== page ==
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How Martinez rose from ashes of Astros release to Red Sox stardom

How Martinez rose from ashes of Astros release to Red Sox stardom

Good things come to those who wait. And while it’s hard to knock the results of the Houston Astros’ “process,” a new piece from Sports Illustrated details how J.D. Martinez has them wishing they waited a little longer.

Coming off an age-25 season that saw him hit just .250 with a .650 OPS, Martinez was desperate to change in 2013. After all, with limited speed and a below-average glove, Martinez’s bat was his livelihood.

“J.D., you’re not even a career .700 OPS hitter,” said then-Astros hitting coach John Mallee. “You don’t steal bags. You’re not a Gold Glover. You have to hit… You can make enough money to live off of, at least until you become too expensive to keep around. But that’s it. Unless you change something.”

After studying perennial All-Stars like Miguel Cabrera, Albert Pujols, and Ryan Braun, Martinez realized his entire swing needed an overhaul, and turned to Astros teammate Jason Castro for advice. Martinez’s journey with Castro is a long one, taking him from Houston to California to Venezuela and, finally, to Kissimmee, Florida, home of the Astros’ Spring Training complex.  

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With a new swing in his toolbox, a revamped enthusiasm and energy, and a desperation to prove himself, all Martinez needed was an opportunity. But the Astros didn't oblige. Houston -- coming off a 111-loss season -- released Martinez after just 18 exhibition at-bats, not even seeking anything in return. Martinez couldn't make the worst team in the league.

Instead of sulking, however, Martinez was motivated -- driven to make the Astros' lack of confidence in his adjustments haunt them.

"You guys are going to see me," Martinez told Houston teammates José Altuve and Dallas Keuchel after being released. "Don't worry about it. I'll be good. I promise you."

Martinez caught on with the Detroit Tigers and the rest, as they say, is history. He used his new swing to slug his way to the top of a myriad of offensive categories and now, four years after being released, there is perhaps no more feared slugger in baseball than Martinez, who has two more home runs (37) than his team has losses (35).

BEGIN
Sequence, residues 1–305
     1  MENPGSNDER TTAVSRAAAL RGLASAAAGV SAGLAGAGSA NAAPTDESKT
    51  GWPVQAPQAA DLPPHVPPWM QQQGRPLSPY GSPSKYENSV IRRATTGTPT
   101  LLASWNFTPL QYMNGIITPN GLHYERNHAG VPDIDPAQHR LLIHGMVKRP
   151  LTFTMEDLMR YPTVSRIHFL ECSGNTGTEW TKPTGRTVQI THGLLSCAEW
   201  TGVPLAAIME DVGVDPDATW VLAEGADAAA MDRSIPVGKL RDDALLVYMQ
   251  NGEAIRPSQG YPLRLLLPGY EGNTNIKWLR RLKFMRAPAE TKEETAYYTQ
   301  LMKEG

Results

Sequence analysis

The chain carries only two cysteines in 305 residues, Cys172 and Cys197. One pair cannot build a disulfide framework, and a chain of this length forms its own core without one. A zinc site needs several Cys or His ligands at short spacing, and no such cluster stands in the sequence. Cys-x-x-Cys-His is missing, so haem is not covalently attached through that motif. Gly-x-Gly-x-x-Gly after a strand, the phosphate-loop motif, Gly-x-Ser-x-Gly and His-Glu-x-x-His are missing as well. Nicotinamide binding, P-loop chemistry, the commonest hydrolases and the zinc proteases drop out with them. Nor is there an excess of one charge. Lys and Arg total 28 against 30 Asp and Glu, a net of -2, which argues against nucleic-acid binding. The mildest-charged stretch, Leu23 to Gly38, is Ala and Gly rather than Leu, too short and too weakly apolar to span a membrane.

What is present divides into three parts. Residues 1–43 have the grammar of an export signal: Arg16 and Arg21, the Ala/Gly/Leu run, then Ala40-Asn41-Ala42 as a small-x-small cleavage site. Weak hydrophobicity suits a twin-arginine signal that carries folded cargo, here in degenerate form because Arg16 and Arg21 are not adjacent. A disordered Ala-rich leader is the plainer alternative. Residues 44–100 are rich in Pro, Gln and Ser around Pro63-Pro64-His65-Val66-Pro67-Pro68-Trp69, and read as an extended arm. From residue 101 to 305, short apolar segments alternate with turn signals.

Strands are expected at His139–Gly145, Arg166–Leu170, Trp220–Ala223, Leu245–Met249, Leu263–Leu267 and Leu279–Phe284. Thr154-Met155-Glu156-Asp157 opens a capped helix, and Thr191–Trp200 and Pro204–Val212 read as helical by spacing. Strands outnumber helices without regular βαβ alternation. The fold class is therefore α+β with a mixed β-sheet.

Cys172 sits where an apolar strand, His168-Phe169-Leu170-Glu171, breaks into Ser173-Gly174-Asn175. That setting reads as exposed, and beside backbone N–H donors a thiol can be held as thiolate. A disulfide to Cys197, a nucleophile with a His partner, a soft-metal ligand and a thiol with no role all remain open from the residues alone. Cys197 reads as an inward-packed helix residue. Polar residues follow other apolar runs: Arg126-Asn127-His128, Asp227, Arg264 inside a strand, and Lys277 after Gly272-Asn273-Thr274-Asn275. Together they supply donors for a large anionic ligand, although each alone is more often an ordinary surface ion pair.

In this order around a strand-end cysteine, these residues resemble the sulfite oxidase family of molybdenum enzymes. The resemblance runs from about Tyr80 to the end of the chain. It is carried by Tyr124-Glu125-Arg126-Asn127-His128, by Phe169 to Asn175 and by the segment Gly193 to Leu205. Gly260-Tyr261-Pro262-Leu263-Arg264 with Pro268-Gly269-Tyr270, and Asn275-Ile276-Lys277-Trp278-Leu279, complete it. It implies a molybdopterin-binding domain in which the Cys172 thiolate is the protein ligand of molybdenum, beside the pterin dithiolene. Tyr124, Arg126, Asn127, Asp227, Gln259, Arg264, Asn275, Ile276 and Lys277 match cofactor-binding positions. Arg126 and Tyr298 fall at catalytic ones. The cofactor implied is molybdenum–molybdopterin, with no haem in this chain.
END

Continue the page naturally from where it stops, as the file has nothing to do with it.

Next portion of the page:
Martinez’s road to the top has been long, but serves as a reminder that in a sport increasingly driven by data, the game is played by humans, and not even the most thorough algorithms can compute a human’s drive to succeed.

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MLB Power Rankings: Here's where Red Sox stand at midseason mark

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MLB Power Rankings: Here's where Red Sox stand at midseason mark

We’ve officially reached the 2019 season’s midpoint as the Red Sox will play their 81st game of the year Tuesday night vs. the White Sox.

It’s been an underwhelming campaign thus far for the defending World Series champions, who currently sit in third place in the American League East. Just when it looks like they’ve turned a corner, something goes awry. This time, it was dropping two of three to the lowly Blue Jays at home following a series win over the Twins.

While their season hasn’t been up to par with expectations, the Red Sox very much remain in the mix for a playoff spot come October. But how do they measure up to the rest of the league?

Let’s find out in this month’s power rankings. . .

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Breakfast Podcast, June 24, 2019: Red Sox continue to disappoint at the halfway mark

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Breakfast Podcast, June 24, 2019: Red Sox continue to disappoint at the halfway mark

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1:28 - No they haven’t turned the corner we won’t argue that, but the Red Sox pulled off a walkout win vs. the White Sox last night despite committing a handful of mistakes. Lou Merloni and John Tomase break down the win and we hear from Alex Cora following the game.

5:20 - When Danny Ainge made the comment ‘good people make coming to work more fun’ after his new draft picks were introduced, was he throwing shade at Kyrie Irving? A. Sherrod Blakely, Michael Holley and Danielle Trotta debate.

9:45 - With the Sox playing game 81 tonight and at the halfway point of the regular season, Lou Merloni and John Tomase give some first-half superlatives, including MVP, biggest disappointment, best win and reason for optimism in the second half.

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